For many of our female furry friends, the sole pup of the year has been born and, while they aren’t yet flying very successfully, they’re growing stronger fed by their mother’s milk.
Keep your eyes peeled near known maternity roosts for pups on the ground as they’re learning to fly and if you see one report it to the free National Bat Helpline (0345 1300 228). If the helpline is closed, follow the advice on the Bat Conservation Trust website and check here for alternative contacts.
You can see a lovely video of a mum collecting her grounded pup thanks to the work of Berkshire Bat Rescue here.
Our ecologists are being kept incredibly busy surveying the year 1 project churches, many of which have already undergone 2 surveys in May and June, with 2 more dusk surveys lined up for July and August.
In Autumn, once the surveys have been completed and the data crunched, the ecologists will be collaborating with the churches, architects and advisors to provide recommendations on how best to manage their bat population.
Cleaning is often the biggest challenge for churches with a large bat roost; both because of the extra cleaning burden, and the damage to priceless church artefacts. To address this issue, we’ve worked with heritage cleaning experts to design a specialist cleaning procedure to minimise the damage to invaluable and non-replaceable church artefacts caused by bats.
At the moment, we are trialling our bespoke methods with a small selection of project churches. But once we’ve got the techniques perfected, we will be producing a free cleaning booklet that will be available for everyone tasked with cleaning up after the bats.
We will be running further cleaning workshops over the next four years with priority given to project churches, but if you are keen to help with cleaning your local church, or if you’ve got a specific question about cleaning churches inhabited by bats, you can get in touch with our Heritage Advisor Rachel Arnold at firstname.lastname@example.org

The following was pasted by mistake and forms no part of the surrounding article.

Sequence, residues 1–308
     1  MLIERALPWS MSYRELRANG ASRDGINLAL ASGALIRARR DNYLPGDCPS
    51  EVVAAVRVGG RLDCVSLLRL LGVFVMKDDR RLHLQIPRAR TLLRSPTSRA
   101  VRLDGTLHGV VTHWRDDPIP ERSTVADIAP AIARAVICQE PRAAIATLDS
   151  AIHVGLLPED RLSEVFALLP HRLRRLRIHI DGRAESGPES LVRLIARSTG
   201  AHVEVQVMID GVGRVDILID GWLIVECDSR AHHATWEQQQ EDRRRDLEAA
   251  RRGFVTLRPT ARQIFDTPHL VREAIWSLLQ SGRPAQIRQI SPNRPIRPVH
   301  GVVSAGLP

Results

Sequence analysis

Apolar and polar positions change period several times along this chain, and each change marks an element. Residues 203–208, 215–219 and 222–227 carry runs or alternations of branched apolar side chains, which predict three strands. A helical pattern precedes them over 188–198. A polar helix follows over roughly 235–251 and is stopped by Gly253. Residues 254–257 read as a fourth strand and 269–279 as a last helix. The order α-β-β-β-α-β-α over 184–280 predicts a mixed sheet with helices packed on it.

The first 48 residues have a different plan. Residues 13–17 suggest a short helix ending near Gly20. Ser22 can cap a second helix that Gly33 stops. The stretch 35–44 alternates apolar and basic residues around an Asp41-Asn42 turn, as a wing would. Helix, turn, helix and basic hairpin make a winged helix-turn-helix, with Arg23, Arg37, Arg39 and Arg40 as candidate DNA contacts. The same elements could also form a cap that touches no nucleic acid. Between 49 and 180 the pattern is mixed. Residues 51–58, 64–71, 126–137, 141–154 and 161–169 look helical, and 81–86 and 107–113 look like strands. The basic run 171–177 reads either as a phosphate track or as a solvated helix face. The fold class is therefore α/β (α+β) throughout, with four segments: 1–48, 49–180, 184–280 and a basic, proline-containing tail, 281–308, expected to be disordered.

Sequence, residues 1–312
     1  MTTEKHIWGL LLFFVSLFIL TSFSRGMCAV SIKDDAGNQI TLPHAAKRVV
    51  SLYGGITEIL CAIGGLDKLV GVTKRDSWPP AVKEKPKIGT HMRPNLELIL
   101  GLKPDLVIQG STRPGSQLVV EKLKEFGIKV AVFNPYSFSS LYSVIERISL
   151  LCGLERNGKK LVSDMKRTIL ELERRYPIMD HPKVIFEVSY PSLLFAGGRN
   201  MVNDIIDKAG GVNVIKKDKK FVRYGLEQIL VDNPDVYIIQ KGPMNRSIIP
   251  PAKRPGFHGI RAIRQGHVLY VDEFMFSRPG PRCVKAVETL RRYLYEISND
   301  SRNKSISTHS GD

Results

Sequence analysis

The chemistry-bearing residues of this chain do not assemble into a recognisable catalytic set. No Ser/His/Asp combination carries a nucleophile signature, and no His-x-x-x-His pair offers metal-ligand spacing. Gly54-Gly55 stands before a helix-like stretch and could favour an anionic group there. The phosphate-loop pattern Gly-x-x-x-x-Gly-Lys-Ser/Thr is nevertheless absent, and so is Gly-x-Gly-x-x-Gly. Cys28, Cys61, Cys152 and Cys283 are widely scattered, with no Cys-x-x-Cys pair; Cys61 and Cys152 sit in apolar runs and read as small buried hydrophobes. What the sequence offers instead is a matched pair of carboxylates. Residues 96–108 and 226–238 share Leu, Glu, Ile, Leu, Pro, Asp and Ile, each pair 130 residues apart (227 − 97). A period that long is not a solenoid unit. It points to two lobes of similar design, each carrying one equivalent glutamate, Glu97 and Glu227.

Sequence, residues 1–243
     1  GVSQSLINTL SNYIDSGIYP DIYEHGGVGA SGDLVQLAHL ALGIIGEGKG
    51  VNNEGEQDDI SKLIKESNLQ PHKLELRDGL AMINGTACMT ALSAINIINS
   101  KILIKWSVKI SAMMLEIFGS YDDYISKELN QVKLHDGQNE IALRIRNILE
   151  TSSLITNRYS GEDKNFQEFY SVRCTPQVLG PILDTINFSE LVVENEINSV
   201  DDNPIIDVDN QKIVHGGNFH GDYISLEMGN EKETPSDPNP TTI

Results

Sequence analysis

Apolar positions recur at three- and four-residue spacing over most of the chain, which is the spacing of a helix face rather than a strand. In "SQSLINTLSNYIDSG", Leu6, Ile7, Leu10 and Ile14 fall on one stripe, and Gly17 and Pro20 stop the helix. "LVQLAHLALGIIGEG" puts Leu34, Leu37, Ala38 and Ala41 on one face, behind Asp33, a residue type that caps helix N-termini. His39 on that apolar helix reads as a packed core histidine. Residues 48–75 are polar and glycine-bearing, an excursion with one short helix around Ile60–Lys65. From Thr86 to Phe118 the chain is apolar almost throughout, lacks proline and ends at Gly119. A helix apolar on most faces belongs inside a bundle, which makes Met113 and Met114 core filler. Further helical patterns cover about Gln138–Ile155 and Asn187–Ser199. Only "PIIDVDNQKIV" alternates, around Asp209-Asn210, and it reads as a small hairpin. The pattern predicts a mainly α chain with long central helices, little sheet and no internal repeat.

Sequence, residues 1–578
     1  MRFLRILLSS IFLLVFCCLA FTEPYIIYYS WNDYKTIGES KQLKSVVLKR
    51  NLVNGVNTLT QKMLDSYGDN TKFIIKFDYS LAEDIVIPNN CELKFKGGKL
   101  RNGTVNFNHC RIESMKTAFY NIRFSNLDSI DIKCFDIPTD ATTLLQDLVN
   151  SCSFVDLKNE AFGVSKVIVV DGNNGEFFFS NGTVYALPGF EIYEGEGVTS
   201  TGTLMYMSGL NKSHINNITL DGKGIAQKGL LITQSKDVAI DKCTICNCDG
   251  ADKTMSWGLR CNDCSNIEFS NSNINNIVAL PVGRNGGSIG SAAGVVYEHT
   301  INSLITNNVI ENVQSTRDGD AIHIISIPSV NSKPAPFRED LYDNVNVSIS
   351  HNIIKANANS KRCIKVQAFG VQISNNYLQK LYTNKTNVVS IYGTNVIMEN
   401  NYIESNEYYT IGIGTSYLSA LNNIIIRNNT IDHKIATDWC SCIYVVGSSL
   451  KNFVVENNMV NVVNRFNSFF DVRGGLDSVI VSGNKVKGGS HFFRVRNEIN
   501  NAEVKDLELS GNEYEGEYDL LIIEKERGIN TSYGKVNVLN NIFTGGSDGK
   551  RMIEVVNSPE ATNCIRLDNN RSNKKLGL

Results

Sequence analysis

Citizen Science Study
This summer we have also piloted our new citizen science study where volunteers will be able to survey their favourite churches for bats. These surveys will allow us to better understand how bats use churches across England and the factors influencing their use of churches, as well as allowing us to predict how many churches have roosts and give us a thorough picture of the perspectives of those dealing with churches which are supporting bats.
While only 70 churches will be part of this summer’s pilot, the citizen science study will be launched officially next year. It would be great to have your support to do this, whether that is taking part as a volunteer, or meeting a volunteer that has contacted you about the survey.
If you’d like to find out more about the survey process and what it entails, you can watch our brand new survey training videos.
Since January we've already completed 55 trips around England
Spotlight on Cornwall
In June we visited the beautiful church of St Moran at Lamorran, on the Roseland peninsula in Cornwall. It has been closed for over two years because of the impact of a rich population of bats, including a maternity roost of brown long-eared bats and greater horseshoe bats. After an excellent meeting at the church with the dynamic and positive church community, the Tregnothan Estate, the Cornwall Bat Group and the Workers’ Educational Association, we came away hopeful of being able to support the community to re-open the church, develop a Friends group and engage people with the important historic, cultural and natural heritage of the church.